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Pen Mar series dances out in autumn air

October 01, 2007|By HEATHER KEELS

CASCADE - There was something in the air at Pen Mar Park on Sunday.

It was a sunny afternoon and despite the 1,400-foot altitude, the air was warm enough for the dancers in the pavilion to work up a good sweat as they kicked and swirled to big-band tunes. Still, each time the Music Makers Orchestra lowered its instruments, there it was, unmistakably: autumn. And with autumn comes the end of the Pen Mar Park summer Sunday concert series.

What's a Lindy Hopper to do?

"We go into this kind of hibernation mode," said Steve Springer of Hagers-town, a local swing-dance enthusiast and instructor. Without the Sunday dances at Pen Mar, he and his wife, Pam, sometimes have to travel to Washington, D.C., to find swing dance events in the winter. Still, the couple manages to dance three or four nights a week, Springer said.

From their lawn chairs in front of the pavilion, concert regulars Bernie Tomlinson and Ilene Minich of Waynesboro, Pa., also were savoring their final Pen Mar concert of the season.

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Tomlinson, who is 81, has been coming to Pen Mar Park since she visited the amusement park on the site as a child. Minich, 84, remembers watching bands play there with her husband while they were dating in the 1940s. Now both women return each summer for the fresh air, music and memories.

"We've made a lot of friends, and we love the big-band music," said Tomlinson, who has only missed one concert this summer. Without the concerts, Tomlinson said she'll probably use her Sundays to get some reading in, and her husband will use the time to watch football.

"It's been a wonderful season," said concert organizer Jim Powers, executive secretary of the American Federation of Musicians Local 770. "I hate to see it end."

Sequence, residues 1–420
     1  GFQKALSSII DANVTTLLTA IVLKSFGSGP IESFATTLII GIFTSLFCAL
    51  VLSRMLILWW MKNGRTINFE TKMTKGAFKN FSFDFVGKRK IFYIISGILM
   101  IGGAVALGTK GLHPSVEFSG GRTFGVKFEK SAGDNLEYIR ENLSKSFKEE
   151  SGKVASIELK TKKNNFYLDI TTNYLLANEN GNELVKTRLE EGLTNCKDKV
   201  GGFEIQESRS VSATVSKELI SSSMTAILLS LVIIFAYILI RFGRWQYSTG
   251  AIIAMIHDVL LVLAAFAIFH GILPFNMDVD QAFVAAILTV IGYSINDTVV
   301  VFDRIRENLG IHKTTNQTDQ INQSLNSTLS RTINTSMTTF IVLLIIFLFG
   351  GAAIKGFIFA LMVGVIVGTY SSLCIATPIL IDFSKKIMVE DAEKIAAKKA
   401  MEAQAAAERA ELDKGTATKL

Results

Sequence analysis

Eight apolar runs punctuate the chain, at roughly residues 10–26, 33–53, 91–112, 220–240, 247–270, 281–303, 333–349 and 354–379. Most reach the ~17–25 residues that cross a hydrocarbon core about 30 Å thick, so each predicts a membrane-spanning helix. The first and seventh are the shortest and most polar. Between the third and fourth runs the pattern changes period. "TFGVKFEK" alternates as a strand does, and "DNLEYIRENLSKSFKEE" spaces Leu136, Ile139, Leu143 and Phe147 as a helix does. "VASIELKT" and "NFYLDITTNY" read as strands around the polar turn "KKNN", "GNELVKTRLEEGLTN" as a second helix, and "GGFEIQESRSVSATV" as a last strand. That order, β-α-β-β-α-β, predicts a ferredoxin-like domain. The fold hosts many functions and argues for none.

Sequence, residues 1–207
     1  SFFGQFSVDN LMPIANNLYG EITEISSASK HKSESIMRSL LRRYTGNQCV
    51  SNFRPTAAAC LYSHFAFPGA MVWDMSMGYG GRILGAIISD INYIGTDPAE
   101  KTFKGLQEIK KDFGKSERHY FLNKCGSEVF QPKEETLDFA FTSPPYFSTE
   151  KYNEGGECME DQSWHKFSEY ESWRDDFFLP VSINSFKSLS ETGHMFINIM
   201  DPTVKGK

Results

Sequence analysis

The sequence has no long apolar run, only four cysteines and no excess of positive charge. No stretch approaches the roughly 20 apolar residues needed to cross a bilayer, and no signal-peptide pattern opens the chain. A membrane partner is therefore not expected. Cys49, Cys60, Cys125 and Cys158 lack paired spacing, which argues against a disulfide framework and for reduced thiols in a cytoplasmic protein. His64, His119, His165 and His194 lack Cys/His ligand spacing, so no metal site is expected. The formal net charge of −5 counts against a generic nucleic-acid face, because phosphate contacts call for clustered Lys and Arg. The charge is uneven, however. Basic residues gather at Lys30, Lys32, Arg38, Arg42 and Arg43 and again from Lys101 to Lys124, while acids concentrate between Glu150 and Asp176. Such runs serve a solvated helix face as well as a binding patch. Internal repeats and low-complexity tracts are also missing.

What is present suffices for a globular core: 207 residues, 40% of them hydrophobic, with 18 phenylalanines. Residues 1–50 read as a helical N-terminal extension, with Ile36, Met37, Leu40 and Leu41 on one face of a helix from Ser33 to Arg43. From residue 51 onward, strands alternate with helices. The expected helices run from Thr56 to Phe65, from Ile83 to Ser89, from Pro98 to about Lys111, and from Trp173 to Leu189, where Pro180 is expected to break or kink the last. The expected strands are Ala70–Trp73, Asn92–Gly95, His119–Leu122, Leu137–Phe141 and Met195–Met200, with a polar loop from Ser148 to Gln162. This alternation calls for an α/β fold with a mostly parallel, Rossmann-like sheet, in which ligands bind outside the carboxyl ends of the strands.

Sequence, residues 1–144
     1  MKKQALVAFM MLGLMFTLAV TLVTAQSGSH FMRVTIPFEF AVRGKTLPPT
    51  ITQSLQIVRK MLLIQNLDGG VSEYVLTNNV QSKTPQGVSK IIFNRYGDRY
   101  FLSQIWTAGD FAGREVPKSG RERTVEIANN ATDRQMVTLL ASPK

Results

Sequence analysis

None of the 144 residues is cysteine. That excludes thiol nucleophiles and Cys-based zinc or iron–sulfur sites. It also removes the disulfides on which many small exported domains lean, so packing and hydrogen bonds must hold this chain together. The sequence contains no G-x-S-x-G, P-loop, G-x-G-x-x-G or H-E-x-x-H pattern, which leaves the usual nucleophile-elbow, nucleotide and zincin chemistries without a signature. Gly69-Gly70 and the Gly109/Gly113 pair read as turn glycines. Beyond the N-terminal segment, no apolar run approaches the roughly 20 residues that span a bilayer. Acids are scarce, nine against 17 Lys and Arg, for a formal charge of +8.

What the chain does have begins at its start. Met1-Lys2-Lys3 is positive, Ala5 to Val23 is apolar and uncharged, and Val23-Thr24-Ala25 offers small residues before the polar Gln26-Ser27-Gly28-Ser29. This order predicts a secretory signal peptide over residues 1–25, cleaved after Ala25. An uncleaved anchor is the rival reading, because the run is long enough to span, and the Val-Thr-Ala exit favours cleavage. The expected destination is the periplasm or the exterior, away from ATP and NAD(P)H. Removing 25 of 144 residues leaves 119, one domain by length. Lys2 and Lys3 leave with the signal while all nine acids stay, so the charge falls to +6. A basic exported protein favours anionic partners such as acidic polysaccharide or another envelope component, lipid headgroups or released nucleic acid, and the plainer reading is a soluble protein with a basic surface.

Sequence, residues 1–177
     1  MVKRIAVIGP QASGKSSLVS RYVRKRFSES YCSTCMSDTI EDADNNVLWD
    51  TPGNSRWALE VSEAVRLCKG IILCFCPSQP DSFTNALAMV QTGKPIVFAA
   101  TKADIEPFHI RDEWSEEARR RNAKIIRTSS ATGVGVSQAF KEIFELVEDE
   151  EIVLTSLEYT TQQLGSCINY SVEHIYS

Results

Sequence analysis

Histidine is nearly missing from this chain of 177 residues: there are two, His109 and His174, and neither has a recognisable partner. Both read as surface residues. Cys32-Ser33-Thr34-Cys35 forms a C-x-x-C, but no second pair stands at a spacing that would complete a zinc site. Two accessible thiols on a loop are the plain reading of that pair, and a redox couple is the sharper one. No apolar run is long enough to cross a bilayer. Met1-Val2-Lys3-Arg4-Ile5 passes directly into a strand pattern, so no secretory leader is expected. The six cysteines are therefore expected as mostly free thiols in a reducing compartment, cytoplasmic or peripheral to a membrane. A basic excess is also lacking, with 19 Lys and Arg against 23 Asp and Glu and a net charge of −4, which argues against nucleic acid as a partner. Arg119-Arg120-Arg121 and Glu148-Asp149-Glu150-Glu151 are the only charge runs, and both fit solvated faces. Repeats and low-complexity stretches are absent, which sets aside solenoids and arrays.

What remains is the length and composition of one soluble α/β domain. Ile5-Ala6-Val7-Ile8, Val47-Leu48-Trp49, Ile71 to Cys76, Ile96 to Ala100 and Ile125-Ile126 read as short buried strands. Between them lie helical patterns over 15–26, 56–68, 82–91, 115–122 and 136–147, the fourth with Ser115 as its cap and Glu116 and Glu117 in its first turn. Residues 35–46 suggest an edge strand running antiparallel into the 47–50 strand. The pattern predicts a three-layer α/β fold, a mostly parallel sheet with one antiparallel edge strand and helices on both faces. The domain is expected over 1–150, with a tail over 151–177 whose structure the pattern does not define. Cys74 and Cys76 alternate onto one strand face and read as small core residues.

This summer, he said, there were only two Sundays with bad weather. The crowds have been bigger - usually between 1,500 and 2,000 people, with about 6,000 at Everybody's Day - and they've stayed longer. They've also included more young people.

"That's always nice to see," he said. "You always expect to see the older dancers."

Starting next week, Powers will devote his Sundays to lining up next year's schedule of performers. Next year's season will open June 1 and include 19 Sundays, wrapping up Oct. 5, he said.

Meanwhile, Kurtis Meyers, president of the Hagerstown Aviation Museum, used the opportunity to advertise another event that might interest locals with a love for 1940s music.

The museum will host a "hanger dance" at the Hagerstown Regional Airport terminal on Showalter Road Oct. 6 at 7 p.m., featuring the big band music of the Ray Birely Orchestra. Tickets cost $20 in advance or $25 at the door, and proceeds will benefit the museum's efforts to repair a donated a 1953 Fairchild C-119G aircraft so it can be flown to the museum from its current home in Wyoming, Meyers said.

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